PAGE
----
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Bleeding After Menopause – Causes, Symptoms, Treatment

What is Vaginal Bleeding after Menopause?

Bleeding after menopause or post-menopausal vaginal bleeding is the occurrence of vaginal bleeding after the woman has undergo menopausal stage. It may be confusing for women because they are already aware that they have reached menopausal stage and yet, bleeding is still recurring.

Bleeding after menopause also becomes frightening for women because they may feel that something is wrong inside their uterus. Although some bleeding after menopause may be normal because of menopausal therapies, some may be due to more serious problems that is crucial to be noted.

Bleeding menopause has characteristic points such as:

  • There is already cessation of menstruation for more than a year before the post menopausal bleeding occurred.
  • Post menopausal bleeding may be experienced by up to 30% of menopausal women.
  • Bleeding after menopause can be light flow or heavy flow depending on the cause.
  • Post menopausal bleeding is primarily concerned with hormonal shift.
  • Rare cases of post menopausal bleeding are caused by more serious problems in the uterus.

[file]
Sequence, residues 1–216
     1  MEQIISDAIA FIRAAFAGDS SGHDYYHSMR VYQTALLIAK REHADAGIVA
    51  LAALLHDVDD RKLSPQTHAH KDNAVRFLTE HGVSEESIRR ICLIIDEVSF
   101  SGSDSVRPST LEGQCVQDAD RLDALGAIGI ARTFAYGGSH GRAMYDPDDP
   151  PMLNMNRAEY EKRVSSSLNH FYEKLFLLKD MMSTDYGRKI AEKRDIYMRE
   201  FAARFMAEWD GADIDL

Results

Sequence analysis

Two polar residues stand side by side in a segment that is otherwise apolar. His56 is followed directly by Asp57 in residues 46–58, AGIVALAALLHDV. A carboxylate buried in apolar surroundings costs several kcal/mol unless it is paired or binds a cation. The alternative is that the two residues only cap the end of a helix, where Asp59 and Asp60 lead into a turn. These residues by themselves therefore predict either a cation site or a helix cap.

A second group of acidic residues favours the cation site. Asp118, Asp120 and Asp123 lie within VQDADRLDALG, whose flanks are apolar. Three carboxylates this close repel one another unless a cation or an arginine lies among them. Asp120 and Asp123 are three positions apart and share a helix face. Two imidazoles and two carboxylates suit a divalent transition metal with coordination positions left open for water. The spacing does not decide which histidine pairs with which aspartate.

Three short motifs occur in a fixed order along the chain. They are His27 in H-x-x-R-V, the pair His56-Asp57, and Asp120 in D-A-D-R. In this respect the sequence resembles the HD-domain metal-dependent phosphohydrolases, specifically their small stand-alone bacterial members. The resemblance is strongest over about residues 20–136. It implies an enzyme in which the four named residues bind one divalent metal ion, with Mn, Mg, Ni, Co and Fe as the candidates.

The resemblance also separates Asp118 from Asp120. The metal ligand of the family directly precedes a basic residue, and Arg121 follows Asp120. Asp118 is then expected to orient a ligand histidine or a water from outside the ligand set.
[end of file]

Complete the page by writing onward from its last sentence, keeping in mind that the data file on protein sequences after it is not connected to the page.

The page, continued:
Post menopausal bleeding is highly treatable. The woman should seek consult as early as possible in order to detect early any possible underlying conditions in the reproductive tract. It is also important to note the characteristic of the bleeding in order for physicians to have a broader view of the condition.

Bleeding after menopause anatomy

Bleeding after Menopause Image

What Causes Bleeding after Menopause?

Causes of bleeding after menopause are vast, which may involve mild to severe factors. These include:

Hormonal Replacement Therapy – Hormonal replacement therapy is given to regain normal estrogen and progesterone hormonal levels, which reduces the menopausal symptoms. Because of the fluctuations in estrogen and progesterone, post menopausal bleeding may occur.

Poor Vaginal Lubrication – Poor lubrication of the vagina may cause irritation and bleeding during vaginal intercourse. Poor lubrication may also lead to painful intercourse.

Trauma – Trauma from a foreign body or penis may also lead to post menopausal bleeding.

Use of Steroids and Anti-coagulant Therapy – The use of these medications for other conditions may lead to impaired clotting mechanism of the blood thereby leading to possible bleeding after menopause.